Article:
Fight Racism! Fight Imperialism! 225 February/March 2012
‘Despite these verdicts, today is not a cause for celebration...How can I celebrate when I know that this day could have come 18 years ago if the police who were meant to find my son’s killers had not failed so miserably to do so...The fact is that racism and racist attacks are still happening in this country and the police should not use my son’s name to say that we can move on.’ Doreen Lawrence
On 3 January 2012, two white men were convicted of the murder of black teenager Stephen Lawrence in southeast London nearly 19 years ago. The convictions of Gary Dobson and David Norris are, however, only a partial victory for all those, most notably Stephen’s parents, Doreen and Neville Lawrence, who campaigned so long for justice for their son. In doing so, they exposed entrenched police racism, culminating in the McPherson Report of 1999. Given the complete shambles of the original police investigation, marred from the very start by racist prejudice, corruption and sheer incompetence, it is extraordinary that there have been any convictions at all; the jailing of two of Stephen’s killers was made possible only by forensic advances since 1993 which allowed microscopic samples of blood, hair and fibres to link the two men to the scene of the crime and a 2003 change to the law that allowed Dobson, in the light of this new ‘compelling’ evidence, to be prosecuted again, having been cleared of the murder in 1996.
Racism and incompetence
But there is little cause for celebration. At least three other men involved in Stephen’s murder – James and Neil Acourt and Luke Knight, whose vicious racist fantasies were revealed on undercover video in 1994 – still walk free. That travesty is a direct result of the original, botched police investigation. From the moment police left Stephen lying in a pool of blood at an Eltham bus stop without attempting resuscitation – they were too busy asking his traumatised friend Duwayne Brooks if he and Stephen had provoked the attack – they had little interest in finding the suspects. Within 48 hours, nine different sources, including two police informants, had named five white suspects, a local gang of well-known racists with a record of violence. Four had been seen the night of the murder washing blood off themselves. A surveillance team failed to record the removal of bags potentially containing evidence from the suspects’ homes. Meanwhile, the police treated the Lawrence family as if it was they who were under suspicion. No arrests were made for two weeks until the Lawrences met Nelson Mandela on 6 May and he stated that, as in apartheid South Africa, ‘black lives are cheap’. By then it was too late. By July, the CPS had decided that there was not enough evidence to charge any of the men. An internal police inquiry in December 1993 concluded that the ‘investigation has been progressed satisfactorily and all lines of inquiry correctly pursued’.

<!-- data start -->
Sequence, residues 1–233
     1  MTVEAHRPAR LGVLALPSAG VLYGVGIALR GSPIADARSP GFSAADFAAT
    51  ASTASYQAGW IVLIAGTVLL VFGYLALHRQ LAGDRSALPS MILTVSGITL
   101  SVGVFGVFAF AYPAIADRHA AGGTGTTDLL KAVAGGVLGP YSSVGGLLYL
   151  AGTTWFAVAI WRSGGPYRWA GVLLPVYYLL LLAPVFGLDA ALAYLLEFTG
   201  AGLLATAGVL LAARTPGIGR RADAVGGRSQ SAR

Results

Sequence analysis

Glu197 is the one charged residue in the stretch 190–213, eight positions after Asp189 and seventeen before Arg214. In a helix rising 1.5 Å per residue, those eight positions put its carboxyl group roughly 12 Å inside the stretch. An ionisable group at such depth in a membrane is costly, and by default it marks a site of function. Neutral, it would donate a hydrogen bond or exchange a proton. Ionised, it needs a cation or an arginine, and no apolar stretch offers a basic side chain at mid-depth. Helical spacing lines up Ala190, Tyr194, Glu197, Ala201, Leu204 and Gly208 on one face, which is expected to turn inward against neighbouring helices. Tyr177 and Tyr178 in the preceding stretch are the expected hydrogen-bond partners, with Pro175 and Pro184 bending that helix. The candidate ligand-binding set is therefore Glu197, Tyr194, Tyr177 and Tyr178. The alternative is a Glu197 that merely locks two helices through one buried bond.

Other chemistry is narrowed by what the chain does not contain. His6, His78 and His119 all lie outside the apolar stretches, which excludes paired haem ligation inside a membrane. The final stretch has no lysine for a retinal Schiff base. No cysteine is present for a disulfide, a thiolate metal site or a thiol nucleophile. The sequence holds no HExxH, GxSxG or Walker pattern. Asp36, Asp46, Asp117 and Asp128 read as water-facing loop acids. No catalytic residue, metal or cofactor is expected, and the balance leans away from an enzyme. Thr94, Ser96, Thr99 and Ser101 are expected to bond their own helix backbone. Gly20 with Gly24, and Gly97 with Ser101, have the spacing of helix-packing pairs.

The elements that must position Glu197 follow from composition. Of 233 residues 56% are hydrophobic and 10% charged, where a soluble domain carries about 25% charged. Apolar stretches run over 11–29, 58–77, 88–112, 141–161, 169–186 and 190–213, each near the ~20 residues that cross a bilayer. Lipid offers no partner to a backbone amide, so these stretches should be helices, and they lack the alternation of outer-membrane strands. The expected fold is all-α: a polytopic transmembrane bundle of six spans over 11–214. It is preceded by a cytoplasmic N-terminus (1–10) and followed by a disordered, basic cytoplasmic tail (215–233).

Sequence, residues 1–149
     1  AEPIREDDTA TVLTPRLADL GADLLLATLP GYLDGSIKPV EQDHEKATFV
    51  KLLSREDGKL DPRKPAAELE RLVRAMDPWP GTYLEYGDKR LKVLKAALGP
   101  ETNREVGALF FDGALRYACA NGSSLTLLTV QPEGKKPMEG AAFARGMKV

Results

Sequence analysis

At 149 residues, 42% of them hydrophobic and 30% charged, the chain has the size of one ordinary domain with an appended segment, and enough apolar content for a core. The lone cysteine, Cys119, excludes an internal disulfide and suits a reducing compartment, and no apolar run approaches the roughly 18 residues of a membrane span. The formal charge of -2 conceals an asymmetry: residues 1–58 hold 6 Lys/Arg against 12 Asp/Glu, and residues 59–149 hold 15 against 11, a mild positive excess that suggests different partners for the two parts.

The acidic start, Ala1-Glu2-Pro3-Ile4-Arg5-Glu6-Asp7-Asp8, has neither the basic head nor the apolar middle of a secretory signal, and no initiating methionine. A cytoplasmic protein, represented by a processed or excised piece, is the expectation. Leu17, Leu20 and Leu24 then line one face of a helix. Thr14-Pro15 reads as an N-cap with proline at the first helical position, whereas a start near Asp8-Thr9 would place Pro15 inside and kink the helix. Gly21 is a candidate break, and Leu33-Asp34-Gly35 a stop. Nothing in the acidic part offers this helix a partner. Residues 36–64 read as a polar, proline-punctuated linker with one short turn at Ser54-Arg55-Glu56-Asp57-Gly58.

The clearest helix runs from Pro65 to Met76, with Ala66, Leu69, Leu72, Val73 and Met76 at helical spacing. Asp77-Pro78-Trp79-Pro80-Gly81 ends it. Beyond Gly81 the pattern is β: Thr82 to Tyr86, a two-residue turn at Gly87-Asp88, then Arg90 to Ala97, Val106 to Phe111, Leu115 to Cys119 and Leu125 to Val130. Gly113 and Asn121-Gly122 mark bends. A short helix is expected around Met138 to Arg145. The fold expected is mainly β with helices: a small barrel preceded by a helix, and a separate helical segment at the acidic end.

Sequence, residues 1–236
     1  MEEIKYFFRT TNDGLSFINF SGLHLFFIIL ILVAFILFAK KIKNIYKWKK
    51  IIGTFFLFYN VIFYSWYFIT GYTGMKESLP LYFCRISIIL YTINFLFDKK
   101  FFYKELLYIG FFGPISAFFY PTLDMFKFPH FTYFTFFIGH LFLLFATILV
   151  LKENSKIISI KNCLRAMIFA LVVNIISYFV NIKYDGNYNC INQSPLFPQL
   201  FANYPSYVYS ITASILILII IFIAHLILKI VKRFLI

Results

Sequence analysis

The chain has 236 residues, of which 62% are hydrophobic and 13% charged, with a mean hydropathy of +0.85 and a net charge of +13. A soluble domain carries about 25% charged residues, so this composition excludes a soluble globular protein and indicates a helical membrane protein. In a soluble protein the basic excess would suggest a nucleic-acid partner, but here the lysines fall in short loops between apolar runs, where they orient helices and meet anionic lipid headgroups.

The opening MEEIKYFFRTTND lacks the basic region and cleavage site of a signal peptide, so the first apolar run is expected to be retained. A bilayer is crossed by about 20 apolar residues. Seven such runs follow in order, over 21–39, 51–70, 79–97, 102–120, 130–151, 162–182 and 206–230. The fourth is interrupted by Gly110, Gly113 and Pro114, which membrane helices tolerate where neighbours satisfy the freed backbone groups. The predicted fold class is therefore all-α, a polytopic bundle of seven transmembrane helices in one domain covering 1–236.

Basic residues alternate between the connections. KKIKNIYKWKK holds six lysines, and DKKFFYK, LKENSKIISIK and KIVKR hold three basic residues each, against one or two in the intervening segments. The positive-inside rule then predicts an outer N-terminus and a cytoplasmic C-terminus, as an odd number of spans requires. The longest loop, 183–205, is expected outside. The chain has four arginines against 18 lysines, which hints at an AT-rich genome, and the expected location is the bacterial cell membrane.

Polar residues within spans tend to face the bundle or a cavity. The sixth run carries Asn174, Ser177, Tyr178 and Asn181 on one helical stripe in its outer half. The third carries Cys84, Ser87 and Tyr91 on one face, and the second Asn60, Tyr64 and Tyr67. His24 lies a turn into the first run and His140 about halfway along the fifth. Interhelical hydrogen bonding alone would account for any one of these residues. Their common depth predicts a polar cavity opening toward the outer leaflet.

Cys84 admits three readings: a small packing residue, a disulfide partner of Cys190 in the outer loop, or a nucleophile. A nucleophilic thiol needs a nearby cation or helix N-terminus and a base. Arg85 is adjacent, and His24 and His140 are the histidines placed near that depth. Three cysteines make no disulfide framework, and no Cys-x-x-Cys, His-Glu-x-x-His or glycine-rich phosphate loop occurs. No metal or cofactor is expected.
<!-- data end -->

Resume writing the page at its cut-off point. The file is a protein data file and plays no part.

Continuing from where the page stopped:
But the campaign for justice, led by Stephen’s parents, had tremendous resonance, and over the years anger was growing that no-one had been convicted. At the inquest into his death in 1997 jurors took the unusual step of concluding that the black teenager was unlawfully killed ‘in a completely unprovoked racist attack by five white youths’. That verdict emboldened the Daily Mail, of all papers, to publish the following day its iconic ‘Murderers!’ front page, naming the five suspects with the challenge: ‘If we are wrong, let them sue us’. Within months, the McPherson Inquiry into the failures surrounding the investigation into Stephen’s death was set up. At its first sessions in Elephant & Castle, south London in 1998, Doreen Lawrence stated that ‘no black person should ever trust the police’ – a point borne out when the Met used CS spray against the massive crowd of mainly black people who had thronged to the hearing. Over a year of investigation that included travelling around the country to ask people about their experience of the police, the Inquiry team concluded not only that the original police investigation had been deeply flawed, but that the police, as well as other areas such as housing and education, were deeply riven by ‘institutional racism’. The Inquiry made 70 recommendations for change.
But nothing changed
Nearly 13 years on, following the Dobson and Norris convictions, the police and government commented smugly that ‘institutional racism’ had been rooted out. But the anger that exploded on the streets of England in August 2011 gives the lie to their complacency. Young people cited police harassment and racism, and particularly the use of stop-and-search, as the main fuse for their frustration. In 1999-2000, a black person was five times more likely to be stopped than a white person; now the figure is seven times, and black people are four times more likely to have their DNA stored on the police database. Alongside this has gone a massive stepping up of harassment of Asian communities since 2001, under the guise of ‘fighting terrorism’. 300 black people have died in police custody since 2000 – no police officer has ever faced any charges for these deaths. Around 96 racist murders have taken place since that of Stephen Lawrence; in at least 15 unsolved cases, family and friends blame police racism and indifference. These include the cases of Surjit Singh Chhokkar, stabbed to death in Scotland in 1998; Kamal Raza Butt, racially abused and called ‘Taliban’ before being beaten to death by a gang of youths in July 2005, and Lahkvinder ‘Ricky’ Reel, whose body was found in the Thames after he was racially abused in 1997.
The legacy of the Stephen Lawrence case must be, not McPherson’s well-meaning findings, but the lesson of Stephen Lawrence’s family that the only way to oppose and expose police racism is to organise, to fight back and to never give up.
See also: ‘Stephen Lawrence Inquiry: police racism exposed’, FRFI 143, June/July 1998